Photo caption:

Photo credit: Music Box Films and Columbia Pictures

Again Rapace and Mara, each giving their take on Lisbeth Salander.

In "The Girl Who Played with Fire" there's a line: "He felt that he had to find Salander and hold her close. She would probably bite him if he tried." Again, Rapace sells those qualities to us. Plus, Salander in the book and Swedish films is a figure of female empowerment. She may suffer abuse but, as described in the book, she asserts "never let anyone who has insulted you get away with it. Bide your time and strike back when you are in a position of strength- even if you no longer need to strike back." That's why I like the fact that the images of Rapace as Salander often show her with a gun or in a position of power rather than as a sex object or vulnerable looking victim like Mara.

Photo caption:

Photo credit: Columbia Pictures

Rooney Mara trying to show the feminine and tough sides of Lisbeth Salander in a magazine photo shoot selling her as Larsson's heroine. A tutu? Really?

The American ads and the various photo shoots trying to sell us on Mara as Salander undercut that image of Salander as a figure of female empowerment. Rapace's Salander would never have to strip down or teasingly display her cleavage in order to be sexy. Rapace's strength, confidence, and toughness make her sexy not her exposed skin. Mara is presented to us like a sex object in a Calvin Klein or Victoria's Secret ad. That's fine and dandy for selling pin up posters but it's totally out of character for Salander and if all this media attention is meant to stir my interest in the remake, then it is failing miserably because all I feel is deep concern that Hollywood will ruin this great character.

But my only hope lies in David Fincher. Fincher is directing the remake and he has a knack for nailing creepy, disquieting material. If you look at the trailers for the original film and the remake, there is a greater similarity in the treatment of the material and I do spy causes for hope that the remake may indeed capture Salander's fiery, tough, and violent character.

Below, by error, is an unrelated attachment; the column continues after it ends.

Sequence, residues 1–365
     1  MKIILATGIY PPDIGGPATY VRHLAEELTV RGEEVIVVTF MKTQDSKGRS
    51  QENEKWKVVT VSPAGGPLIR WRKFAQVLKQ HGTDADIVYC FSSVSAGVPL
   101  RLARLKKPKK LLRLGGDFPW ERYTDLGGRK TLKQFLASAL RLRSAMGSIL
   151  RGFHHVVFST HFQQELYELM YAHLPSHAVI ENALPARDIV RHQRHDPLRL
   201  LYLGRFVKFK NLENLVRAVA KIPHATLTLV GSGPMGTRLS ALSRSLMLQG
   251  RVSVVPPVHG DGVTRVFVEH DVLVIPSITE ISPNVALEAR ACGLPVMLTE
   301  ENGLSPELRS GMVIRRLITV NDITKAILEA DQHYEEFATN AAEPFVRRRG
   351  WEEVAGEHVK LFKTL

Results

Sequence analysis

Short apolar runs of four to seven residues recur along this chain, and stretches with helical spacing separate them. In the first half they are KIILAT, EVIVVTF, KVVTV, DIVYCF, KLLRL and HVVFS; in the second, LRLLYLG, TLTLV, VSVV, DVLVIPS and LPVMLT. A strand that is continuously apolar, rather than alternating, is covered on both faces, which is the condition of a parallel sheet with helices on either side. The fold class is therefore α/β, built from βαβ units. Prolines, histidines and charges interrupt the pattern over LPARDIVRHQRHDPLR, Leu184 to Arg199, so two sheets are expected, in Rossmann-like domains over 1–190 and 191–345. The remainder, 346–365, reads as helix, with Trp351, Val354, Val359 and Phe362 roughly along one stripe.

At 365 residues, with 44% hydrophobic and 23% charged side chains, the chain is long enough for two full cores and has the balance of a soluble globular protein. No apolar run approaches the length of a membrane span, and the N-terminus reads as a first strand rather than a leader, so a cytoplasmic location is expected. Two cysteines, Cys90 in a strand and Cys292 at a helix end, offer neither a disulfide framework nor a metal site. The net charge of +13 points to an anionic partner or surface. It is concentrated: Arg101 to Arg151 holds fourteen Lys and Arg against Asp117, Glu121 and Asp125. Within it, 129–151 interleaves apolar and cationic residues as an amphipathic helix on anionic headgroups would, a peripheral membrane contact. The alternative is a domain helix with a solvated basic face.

Trailer: 'The Girl with the Dragon Tattoo' (2009)

Here is how the Swedish film "The Girl with the Dragon Tattoo" teased its story.

Trailer: 'The Girl with the Dragon Tattoo' (2011)

Here's how the American remake is promoting "The Girl with the Dragon Tattoo."

So I'm hoping my observation... okay, my rant... about the American teaser campaign for "The Girl with the Dragon Tattoo" is unjustified, and that the print materials coming out are simply being handled by some publicist with no creative connection to the film. I just don't want to see Lisbeth Salander abused by the American remake. I want to see her kick some ass.


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Photo of Beth Accomando

Beth Accomando
Arts & Culture Reporter

opening quote marksclosing quote marksI cover arts and culture, from Comic-Con to opera, from pop entertainment to fine art, from zombies to Shakespeare. I am interested in going behind the scenes to explore the creative process; seeing how pop culture reflects social issues; and providing a context for art and entertainment.